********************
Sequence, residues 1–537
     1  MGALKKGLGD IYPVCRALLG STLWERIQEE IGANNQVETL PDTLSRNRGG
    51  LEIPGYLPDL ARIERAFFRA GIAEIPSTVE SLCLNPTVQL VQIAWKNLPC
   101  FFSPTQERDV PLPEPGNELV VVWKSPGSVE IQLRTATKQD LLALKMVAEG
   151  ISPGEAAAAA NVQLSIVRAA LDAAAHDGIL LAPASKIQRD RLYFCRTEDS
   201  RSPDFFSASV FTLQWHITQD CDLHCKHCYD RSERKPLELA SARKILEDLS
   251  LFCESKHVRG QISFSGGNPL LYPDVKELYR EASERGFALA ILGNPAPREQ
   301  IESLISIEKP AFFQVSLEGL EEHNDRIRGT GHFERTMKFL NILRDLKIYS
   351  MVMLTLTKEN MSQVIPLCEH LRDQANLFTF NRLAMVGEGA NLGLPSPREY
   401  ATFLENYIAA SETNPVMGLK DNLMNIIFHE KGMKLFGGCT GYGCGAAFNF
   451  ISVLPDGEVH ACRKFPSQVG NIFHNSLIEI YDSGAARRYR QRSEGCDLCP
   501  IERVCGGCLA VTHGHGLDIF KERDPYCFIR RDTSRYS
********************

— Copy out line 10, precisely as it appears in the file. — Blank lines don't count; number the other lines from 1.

   401  ATFLENYIAA SETNPVMGLK DNLMNIIFHE KGMKLFGGCT GYGCGAAFNF